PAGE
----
Vitamin D is a chemical that our bodies are able to synthesize from direct exposure sunlight, which is our best source of Vitamin D. Vitamin D deficiency is a common worldwide problem, but we can overcome or avoid it by a balanced diet, supplements, and sensible sun exposure. Michael F. Holick, M.D., Ph.D., is a Vitamin D researcher and author of a book called The Vitamin D Solution (Hudson Street Press, 2010; Dr. Andrew Weil wrote the foreword to the book), and he developed a formula that helps you determine the amount of exposure you need year round. Dr. Holick advises estimating the time it would take your skin to turn pink in the sun and dividing that time by 25-50%, depending on your skin type and where you live. This is the total number of minutes of sun exposure you should have. So, if you are fair skin and live on the east coast, you would probably want to spend 20-30 minutes in the sun with arms and legs exposed (not your face) between the hours of 11a.m. to 3p.m. two to three times a week from March through May and September through October (Dr. Andrew Weil, 2010). In July and August, it is best to decrease this time to 15-20 minutes because the sun is more intense. After you reach your daily dose of exposure time, then you should apply sunscreen.

However, if you tend to avoid the sun as much as possible, you can still meet your vitamin D requirements through your diet. Oily fish (such as salmon), eggs, fortified cereal, and fortified dairy products (such as milk) are all excellent sources of vitamin D.

This vitamin is necessary to keep the teeth and bones strong. It helps to ensure that sufficient levels of calcium are absorbed, which is also essential for bone health. A lack of this vitamin leads to the condition known as rickets, if it occurs in children, and osteomalacia in adults. This will lead to pain, tenderness, and deformities of the bones.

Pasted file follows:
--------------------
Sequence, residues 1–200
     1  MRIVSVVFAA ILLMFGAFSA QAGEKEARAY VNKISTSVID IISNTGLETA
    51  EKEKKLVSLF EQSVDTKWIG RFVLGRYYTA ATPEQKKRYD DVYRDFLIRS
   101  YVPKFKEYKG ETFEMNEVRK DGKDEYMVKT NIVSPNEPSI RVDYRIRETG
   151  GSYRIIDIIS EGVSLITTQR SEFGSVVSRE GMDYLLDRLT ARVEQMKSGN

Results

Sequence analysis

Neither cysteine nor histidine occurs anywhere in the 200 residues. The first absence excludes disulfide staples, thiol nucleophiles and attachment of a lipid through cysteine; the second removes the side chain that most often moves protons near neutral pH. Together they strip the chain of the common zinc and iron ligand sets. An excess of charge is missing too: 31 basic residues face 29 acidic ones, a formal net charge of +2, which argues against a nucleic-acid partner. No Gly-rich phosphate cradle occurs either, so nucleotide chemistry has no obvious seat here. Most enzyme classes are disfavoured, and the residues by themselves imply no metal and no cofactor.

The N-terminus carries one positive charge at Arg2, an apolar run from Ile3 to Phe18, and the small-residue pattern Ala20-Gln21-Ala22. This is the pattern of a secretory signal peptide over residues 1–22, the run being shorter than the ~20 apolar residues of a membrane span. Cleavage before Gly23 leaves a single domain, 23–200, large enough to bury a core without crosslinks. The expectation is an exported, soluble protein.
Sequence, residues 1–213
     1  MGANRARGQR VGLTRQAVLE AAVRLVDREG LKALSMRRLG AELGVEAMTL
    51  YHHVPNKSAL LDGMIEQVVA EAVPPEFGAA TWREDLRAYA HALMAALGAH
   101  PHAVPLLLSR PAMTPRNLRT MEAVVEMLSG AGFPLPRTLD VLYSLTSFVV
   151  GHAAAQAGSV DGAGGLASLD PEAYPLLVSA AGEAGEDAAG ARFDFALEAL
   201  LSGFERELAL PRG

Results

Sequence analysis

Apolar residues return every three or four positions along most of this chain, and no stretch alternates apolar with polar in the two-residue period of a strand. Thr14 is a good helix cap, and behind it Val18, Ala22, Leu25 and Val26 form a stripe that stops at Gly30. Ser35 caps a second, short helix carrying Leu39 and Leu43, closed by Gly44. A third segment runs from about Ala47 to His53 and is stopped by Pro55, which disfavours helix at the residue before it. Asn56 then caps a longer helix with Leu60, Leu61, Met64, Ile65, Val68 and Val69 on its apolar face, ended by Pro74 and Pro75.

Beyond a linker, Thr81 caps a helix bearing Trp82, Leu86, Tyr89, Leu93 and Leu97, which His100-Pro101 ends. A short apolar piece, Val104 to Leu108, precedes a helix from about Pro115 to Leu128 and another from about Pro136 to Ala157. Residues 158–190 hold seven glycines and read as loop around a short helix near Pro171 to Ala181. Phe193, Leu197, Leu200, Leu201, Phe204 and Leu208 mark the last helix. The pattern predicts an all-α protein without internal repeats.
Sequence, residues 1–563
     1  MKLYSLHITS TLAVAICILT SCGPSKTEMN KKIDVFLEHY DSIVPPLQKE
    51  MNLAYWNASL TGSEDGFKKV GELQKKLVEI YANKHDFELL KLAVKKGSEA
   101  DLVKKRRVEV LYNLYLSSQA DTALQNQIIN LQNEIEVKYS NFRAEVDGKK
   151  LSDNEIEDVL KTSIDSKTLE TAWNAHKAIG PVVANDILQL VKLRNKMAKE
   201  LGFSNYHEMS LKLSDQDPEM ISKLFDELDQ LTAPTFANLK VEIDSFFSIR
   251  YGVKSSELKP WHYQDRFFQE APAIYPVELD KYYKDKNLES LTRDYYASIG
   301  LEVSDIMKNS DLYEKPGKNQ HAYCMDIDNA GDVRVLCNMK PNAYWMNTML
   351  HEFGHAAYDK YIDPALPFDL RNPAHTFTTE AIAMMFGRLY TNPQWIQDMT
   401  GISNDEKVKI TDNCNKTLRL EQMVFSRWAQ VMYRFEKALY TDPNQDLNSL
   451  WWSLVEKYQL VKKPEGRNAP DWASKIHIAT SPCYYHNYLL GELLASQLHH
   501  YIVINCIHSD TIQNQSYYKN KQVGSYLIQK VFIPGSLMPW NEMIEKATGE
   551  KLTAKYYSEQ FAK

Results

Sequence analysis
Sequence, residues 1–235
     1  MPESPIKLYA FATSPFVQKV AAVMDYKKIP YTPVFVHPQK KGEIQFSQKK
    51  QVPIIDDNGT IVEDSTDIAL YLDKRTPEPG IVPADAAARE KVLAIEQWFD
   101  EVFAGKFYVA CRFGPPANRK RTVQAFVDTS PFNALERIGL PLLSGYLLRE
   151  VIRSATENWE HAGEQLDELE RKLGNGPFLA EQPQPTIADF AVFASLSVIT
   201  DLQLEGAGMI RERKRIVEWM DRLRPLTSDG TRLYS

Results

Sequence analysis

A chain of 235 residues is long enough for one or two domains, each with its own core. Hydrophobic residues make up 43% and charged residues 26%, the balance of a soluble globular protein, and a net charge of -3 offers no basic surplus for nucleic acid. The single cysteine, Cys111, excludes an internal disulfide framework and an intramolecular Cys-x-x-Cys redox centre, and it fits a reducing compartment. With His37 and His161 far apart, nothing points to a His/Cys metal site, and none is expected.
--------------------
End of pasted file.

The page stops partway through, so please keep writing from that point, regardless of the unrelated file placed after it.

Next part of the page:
Vitamin D can also provide long-term protection against osteoporosis, especially when combined with calcium. These two nutrients combine to strengthen the bones, delaying both the onset and progression of the condition, which is frequently seen in women after the menopause. Before menopause, the presence of estrogen helps to prevent the thinning of the bones.

Low levels of vitamin D can play a role in a number of other conditions, namely asthma, heart disease, and some cancers. Vitamin D is thought to provide some form of protection against these diseases and reduce the risk of them developing. However, as this has not been shown in clinical studies, the importance of vitamin D in preventing these conditions is not yet known.

Vitamin D deficiency is rare, but can occur in certain conditions. It is more likely to be seen in patients who are obese or have digestive tract disorders such as Crohn’s disease or celiac disease. A deficiency may also develop during pregnancy, due to its use in the development of the child.